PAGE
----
But there are other reasons why France and Macron need to stop throwing the toys out of the pram when it comes to Brexit Britain and think about how to capitalise on Britain being unshackled from the EU. Aside from the two-faced games which Macron plays with UK and Boris Johnson, his officials keep good relations with Johnson’s team and it is this cabal which has convinced him to back down in the fishing row, for something much bigger and more important to play for, with the UK: defence and security cooperation.

The much talked about subject for almost 30 years in Brussels of an ‘EU army’ had new air breathed into it recently when U.S. President Joe Biden pulled out of Afghanistan in such a self-serving way, without consulting France and the UK, that it prompted once again talk in the Belgian capital of the need for Old Europe to have more power over its own decisions within the bosom of a failing NATO. The subject itself is complicated and fraught with problems as to how to go about creating it, running it and, of course, funding it.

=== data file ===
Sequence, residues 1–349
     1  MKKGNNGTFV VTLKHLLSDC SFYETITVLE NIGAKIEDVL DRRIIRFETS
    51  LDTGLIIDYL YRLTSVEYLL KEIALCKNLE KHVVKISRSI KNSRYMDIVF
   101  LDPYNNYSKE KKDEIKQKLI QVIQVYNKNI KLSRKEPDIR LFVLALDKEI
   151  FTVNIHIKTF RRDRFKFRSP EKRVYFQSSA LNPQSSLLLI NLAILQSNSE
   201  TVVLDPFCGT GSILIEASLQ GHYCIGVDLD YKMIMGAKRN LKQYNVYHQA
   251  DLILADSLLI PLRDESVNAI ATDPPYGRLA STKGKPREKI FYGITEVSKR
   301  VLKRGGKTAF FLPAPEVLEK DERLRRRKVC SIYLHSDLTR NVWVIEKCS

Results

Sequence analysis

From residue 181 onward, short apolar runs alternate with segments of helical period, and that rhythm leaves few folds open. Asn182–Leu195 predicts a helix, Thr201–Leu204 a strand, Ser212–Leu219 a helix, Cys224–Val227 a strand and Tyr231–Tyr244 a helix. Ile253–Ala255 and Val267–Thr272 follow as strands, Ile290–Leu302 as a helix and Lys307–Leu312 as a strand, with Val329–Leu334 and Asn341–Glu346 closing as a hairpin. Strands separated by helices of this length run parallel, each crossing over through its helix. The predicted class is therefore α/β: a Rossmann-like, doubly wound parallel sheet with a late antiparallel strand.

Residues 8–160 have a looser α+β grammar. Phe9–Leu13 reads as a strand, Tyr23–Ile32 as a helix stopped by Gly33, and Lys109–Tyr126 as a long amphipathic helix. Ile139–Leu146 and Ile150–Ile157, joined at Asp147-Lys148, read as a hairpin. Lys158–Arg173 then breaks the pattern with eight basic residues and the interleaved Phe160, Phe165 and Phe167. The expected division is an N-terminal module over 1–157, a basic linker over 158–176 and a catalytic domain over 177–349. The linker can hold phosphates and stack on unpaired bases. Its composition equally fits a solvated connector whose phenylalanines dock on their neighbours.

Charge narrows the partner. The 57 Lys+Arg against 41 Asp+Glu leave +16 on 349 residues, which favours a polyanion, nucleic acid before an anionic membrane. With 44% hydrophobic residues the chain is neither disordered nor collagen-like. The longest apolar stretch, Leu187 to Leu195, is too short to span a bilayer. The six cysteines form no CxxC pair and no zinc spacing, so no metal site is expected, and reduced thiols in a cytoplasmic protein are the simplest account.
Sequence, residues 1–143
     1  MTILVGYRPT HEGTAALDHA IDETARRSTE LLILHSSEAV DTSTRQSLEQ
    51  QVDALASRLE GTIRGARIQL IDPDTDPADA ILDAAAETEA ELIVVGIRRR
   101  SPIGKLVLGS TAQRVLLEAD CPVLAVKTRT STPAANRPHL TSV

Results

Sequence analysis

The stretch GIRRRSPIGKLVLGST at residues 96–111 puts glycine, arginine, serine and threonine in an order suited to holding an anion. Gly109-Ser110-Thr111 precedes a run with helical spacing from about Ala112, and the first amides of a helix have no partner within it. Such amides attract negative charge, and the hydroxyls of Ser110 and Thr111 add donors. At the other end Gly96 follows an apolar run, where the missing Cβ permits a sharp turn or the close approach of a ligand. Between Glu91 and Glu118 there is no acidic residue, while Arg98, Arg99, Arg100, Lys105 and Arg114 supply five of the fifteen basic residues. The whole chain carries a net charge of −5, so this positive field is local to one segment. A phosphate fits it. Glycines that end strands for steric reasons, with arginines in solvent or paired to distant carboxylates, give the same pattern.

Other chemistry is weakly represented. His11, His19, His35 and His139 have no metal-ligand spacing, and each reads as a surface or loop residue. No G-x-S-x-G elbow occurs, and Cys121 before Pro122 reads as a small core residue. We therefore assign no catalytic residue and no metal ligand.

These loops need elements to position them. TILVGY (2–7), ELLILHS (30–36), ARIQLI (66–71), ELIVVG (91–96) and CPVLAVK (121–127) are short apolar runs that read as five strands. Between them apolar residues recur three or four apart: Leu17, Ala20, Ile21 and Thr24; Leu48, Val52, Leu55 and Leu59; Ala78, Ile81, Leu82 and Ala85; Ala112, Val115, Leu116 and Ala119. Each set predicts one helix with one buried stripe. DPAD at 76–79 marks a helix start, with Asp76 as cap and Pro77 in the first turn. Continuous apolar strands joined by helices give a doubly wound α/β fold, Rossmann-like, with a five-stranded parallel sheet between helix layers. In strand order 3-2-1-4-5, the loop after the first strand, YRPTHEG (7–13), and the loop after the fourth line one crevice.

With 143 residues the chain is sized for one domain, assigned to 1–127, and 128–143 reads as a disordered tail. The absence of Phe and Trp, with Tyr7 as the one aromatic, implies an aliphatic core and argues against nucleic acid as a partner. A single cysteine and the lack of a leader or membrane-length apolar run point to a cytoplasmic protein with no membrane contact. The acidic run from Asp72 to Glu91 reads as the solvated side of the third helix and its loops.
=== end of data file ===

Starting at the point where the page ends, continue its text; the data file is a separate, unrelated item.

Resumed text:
But one idea which might be more realistic is that larger EU member states themselves take a bigger role outside of NATO around the world in the troubled hotspots, as they team up together and fight terrorism or step in and help with humanitarian catastrophes.

And this is Macron’s vision. An EU army without any link to the EU itself, which France, he believes, would take a leading role in, if not run outright. Other members could include the UK, Germany, Belgium, Spain and Italy. But it is Britain which is seen as the big fish to catch and land in this post-NATO wet dream. To some extent, one could argue that on a smaller scale, Macron’s vision is already happening in Mali, which Boris Johnson just recently sent a contingent of soldiers to help the current French-led UN mission to hit terrorists.